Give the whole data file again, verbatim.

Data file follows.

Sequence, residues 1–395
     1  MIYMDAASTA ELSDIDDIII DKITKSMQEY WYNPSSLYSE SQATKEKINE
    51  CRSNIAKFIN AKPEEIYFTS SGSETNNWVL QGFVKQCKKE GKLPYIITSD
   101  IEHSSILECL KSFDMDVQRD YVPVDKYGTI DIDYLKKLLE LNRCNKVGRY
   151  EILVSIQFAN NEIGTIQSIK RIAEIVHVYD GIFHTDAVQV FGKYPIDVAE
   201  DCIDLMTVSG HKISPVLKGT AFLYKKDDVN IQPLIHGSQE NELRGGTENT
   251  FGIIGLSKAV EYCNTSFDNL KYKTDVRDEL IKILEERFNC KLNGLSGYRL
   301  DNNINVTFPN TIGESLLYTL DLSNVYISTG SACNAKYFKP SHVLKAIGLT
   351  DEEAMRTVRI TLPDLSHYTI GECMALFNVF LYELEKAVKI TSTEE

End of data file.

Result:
Sequence, residues 1–395
     1  MIYMDAASTA ELSDIDDIII DKITKSMQEY WYNPSSLYSE SQATKEKINE
    51  CRSNIAKFIN AKPEEIYFTS SGSETNNWVL QGFVKQCKKE GKLPYIITSD
   101  IEHSSILECL KSFDMDVQRD YVPVDKYGTI DIDYLKKLLE LNRCNKVGRY
   151  EILVSIQFAN NEIGTIQSIK RIAEIVHVYD GIFHTDAVQV FGKYPIDVAE
   201  DCIDLMTVSG HKISPVLKGT AFLYKKDDVN IQPLIHGSQE NELRGGTENT
   251  FGIIGLSKAV EYCNTSFDNL KYKTDVRDEL IKILEERFNC KLNGLSGYRL
   301  DNNINVTFPN TIGESLLYTL DLSNVYISTG SACNAKYFKP SHVLKAIGLT
   351  DEEAMRTVRI TLPDLSHYTI GECMALFNVF LYELEKAVKI TSTEE